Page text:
|Publication number||US7588666 B2|
|Application number||US 10/508,265|
|Publication date||Sep 15, 2009|
|Filing date||Mar 20, 2002|
|Priority date||Mar 20, 2002|
|Also published as||CA2476204A1, CA2476204C, CN1622846A, CN100531842C, EP1487553A1, US20050224333, WO2003078014A1|
|Publication number||10508265, 508265, PCT/2002/106, PCT/RU/2/000106, PCT/RU/2/00106, PCT/RU/2002/000106, PCT/RU/2002/00106, PCT/RU2/000106, PCT/RU2/00106, PCT/RU2000106, PCT/RU200106, PCT/RU2002/000106, PCT/RU2002/00106, PCT/RU2002000106, PCT/RU200200106, US 7588666 B2, US 7588666B2, US-B2-7588666, US7588666 B2, US7588666B2|
|Inventors||Albert Faritovich Saifutdinov, Oleg Yegorovich Beketov, Viktor Seliverstovich Ladoshkin, Guennadi Anatolievich Nesterov, Anatoly Semenovich Tlousty, Guennady Ivanovich Ivanov|
|Original Assignee||A. Saifutdinov, O. Beketov, V. Lasoshkin, G. Nesterov|
|Export Citation||BiBTeX, EndNote, RefMan|
|Patent Citations (15), Referenced by (5), Classifications (32), Legal Events (3)|
|External Links: USPTO, USPTO Assignment, Espacenet|
This application is the U.S. National Phase of PCT International Application No. PCT/RU02/00106 having an international filing date of Mar. 20, 2002.
The invention relates to a compact rectifying unit for separation of mixed fluids according of the preamble of claim 1, a compact evaporation unit for a rectifying unit according to the preamble of claim 33 as well as to a rectifying process for separation of mixed fluids according to the preamble of claim 34.
Operation of a traditional rectifying column, including a film column, consists in that the wet reflux flow made in a refluxer out of the heat and mass exchange zone between steam and liquid, is brought to the top of the column. Thus, as shown in
The object of the subject invention is to increase the efficiency of the heat and mass exchange process. This object is achieved by a compact rectifying unit and/or by a compact evaporation unit for a rectifying unit and/or by a process or processes for all of same.
According to the subject invention, along the column height there is an irregular gradient of temperature between both sides of the heat exchanging tube wall. Thus there is an irregular heat energy transfer through the heat exchanging tube wall and/or between vapor phase and liquid phase at at least one of the sides of the heat exchanging tube wall one of the consequences may be an irregular liquid reflux formation along the column height that matches to the properties of a distilled liquid.
The heat excess discharging during the liquid reflux formation is let out through the wall of the heat and mass exchange surface at the expense of the heat collection by an external boiling heat carrier which is within the space on the opposite side of said wall of said heat and mass exchange surface.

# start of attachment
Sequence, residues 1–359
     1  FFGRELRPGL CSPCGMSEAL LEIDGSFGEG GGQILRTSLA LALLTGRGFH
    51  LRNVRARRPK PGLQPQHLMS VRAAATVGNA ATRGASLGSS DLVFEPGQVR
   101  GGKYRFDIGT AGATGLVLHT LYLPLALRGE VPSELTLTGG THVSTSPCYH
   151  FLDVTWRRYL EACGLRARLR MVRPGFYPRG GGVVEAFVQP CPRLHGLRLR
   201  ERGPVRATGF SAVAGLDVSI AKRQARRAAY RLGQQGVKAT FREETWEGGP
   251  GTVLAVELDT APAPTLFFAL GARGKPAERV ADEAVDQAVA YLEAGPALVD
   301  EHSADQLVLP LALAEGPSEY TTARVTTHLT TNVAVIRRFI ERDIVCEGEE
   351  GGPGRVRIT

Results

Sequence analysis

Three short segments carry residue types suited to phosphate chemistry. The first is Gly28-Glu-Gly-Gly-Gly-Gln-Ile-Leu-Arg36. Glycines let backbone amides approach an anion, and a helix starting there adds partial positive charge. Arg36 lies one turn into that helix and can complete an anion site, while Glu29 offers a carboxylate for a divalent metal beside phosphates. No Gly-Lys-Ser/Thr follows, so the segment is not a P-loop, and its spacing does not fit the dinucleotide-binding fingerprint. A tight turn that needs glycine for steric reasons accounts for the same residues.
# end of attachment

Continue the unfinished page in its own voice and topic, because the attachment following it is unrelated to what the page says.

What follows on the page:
The subject invention allows to obtain low values of height of the idealized stage of separation in a film column at high loads of the column of a vapor flow, commensurable with loads for industrial packed columns. In the practical application this allows to reduce the rectification column height by 3-10 times and to reduce the content of dividing materials in the column compared to traditional rectification columns by 50-100 times.
It is to be understood, that the heat transport through the heat and mass exchanging tube walls may vary widely along the height of the column and the heat and mass exchanging tubes respectively. While it is preferred to evaporate or to condensate the components of the mixed fluids on the inside or the heat and mass exchanging tubes and to provide a heat carrier fluid within the tubular annulus around said heat and mass exchanging tubes, it is—in principal—possible and within the scope of this invention to evaporate and/or condensate said mixed fluid on the outside of said heat and mass exchanging tube/s and to conduct the heat carrier fluid through the tubular inside.
Further, it is important to mention, that for the purpose of the subject invention heat exchange does not only happen between both sides of the heat and mass exchange tube walls. Heat exchange can also happen between the mixed components and/or between vapor phase and liquid phase of the mixed fluids.
Finally it is important to mention, that mass exchange of the components of the mixed fluids may happen either within the vaporous core stream, i.e. at some distance from the surfaces of the heat and mass exchanging tube walls, and/or mass exchange between the components of the mixed fluids may occur between the vapor phase and the liquid thin fluid film on the surface of said heat and mass exchange tube walls.